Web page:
Alliance Universities consider HEFCE Online Learning Task Force

At the Alliance Universities Dinner on 29/03/2010 we were addressed by Dame Lynne Brindley, the chief executive of the British Library and head of the HEFCE Online Learning Task Force (see news release and site She was refreshingly sceptical about some of the underlying assumptions (is Britain a world leader in online learning; the Australians certainly have a view). For the most part she simply presented the remit of the Task Force. She also suggested there might be a £10M funding call to be announced on completion of the Task Force’s work in the autumn.

We observed that the motivations behind this initiative appear disconcertingly similar to those that drove the UK eUniversity. There is an assumption that online learning is (or opens up) a terra nullius: a space awaiting colonisation or exploitation, within which there will be competition for domination, and that the “brand values” of UK HE are somehow an enabler of this colonisation: a USP. Definitions of online learning are still used quite fluidly and there is an implicit underlying transmission/consumption model of learning.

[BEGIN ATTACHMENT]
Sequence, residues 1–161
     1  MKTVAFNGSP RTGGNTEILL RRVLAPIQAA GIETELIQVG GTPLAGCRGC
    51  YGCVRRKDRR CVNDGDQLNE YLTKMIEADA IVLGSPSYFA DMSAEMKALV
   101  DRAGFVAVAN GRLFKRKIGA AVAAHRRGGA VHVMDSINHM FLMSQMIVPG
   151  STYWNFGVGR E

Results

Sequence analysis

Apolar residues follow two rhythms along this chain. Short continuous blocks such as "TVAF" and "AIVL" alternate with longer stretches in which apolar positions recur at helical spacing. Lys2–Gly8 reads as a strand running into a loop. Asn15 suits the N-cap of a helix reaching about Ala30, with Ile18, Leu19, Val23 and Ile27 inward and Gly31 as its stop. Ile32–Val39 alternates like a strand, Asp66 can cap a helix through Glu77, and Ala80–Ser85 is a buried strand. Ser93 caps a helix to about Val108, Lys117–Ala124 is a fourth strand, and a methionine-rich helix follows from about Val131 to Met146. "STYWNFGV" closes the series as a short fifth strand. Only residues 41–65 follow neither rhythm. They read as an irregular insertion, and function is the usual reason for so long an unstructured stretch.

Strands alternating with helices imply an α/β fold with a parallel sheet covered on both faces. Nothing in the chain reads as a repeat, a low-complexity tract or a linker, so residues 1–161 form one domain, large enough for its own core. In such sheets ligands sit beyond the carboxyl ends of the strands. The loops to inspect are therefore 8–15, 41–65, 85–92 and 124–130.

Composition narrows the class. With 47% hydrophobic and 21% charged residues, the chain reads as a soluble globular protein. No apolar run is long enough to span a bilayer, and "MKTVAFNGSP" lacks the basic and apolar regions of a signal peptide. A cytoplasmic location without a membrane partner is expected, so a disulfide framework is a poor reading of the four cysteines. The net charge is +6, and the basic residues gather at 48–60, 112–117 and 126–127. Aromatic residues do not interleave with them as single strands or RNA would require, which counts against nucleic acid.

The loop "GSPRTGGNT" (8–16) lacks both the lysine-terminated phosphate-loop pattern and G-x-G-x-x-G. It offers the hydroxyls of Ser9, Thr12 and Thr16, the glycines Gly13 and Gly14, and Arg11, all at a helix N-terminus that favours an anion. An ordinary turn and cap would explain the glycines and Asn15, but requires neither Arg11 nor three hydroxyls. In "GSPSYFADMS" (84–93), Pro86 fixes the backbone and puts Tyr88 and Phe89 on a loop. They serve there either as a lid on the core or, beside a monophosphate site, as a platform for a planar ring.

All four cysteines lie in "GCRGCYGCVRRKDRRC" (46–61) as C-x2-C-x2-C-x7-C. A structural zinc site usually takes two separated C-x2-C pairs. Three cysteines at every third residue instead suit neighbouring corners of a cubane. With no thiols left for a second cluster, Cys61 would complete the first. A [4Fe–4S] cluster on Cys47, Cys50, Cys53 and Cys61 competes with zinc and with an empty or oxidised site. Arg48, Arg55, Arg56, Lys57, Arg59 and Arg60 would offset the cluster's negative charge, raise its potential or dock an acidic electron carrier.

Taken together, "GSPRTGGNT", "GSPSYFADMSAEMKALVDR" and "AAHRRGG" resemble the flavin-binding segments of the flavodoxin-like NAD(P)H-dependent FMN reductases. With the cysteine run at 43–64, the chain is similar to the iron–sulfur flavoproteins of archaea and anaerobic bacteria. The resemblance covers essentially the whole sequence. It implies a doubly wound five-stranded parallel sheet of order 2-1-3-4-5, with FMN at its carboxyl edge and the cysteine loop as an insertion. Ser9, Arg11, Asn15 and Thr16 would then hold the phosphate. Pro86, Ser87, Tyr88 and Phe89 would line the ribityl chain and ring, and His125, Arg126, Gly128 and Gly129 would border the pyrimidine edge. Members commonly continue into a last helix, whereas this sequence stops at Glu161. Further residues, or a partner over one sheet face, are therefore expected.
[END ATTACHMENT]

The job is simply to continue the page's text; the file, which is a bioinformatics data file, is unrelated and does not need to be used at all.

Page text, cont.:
Each dining table was provided with a conversation menu to accompany the excellent dinner. Our table was asked to consider what changes were needed to ensure students were able to benefit from online learning. We were a fairly sceptical lot. We questioned why there was an assumption that students were NOT already benefiting. Indeed each diner was able to offer examples of positive benefits of online learning already being used at their institution. We spent some time considering the brand values of UK HE (scepticism, empiricism, willingness to challenge received wisdoms, low power-distance within the academy, respect for tradition, pastoral concern for learners) and questioned whether these very brand values did not militate against a transmission model of education, regardless of the mode of engagement. We were not Luddites; all the people at our table could be classified as e-enthusiasts, but we valued human-human contact and collaboration through multiple channels. We explored the assertion that education was about relationships and that learning was a factor of identity and community. We were uncertain how many meaningful learning relationships could be sustained but felt that, again, regardless of the mode of engagement (online, offline, distance or face-to-face) there might be some sustainable ratio of students to teachers and that to think this could be changed by deploying various technologies was at least open to challenge.

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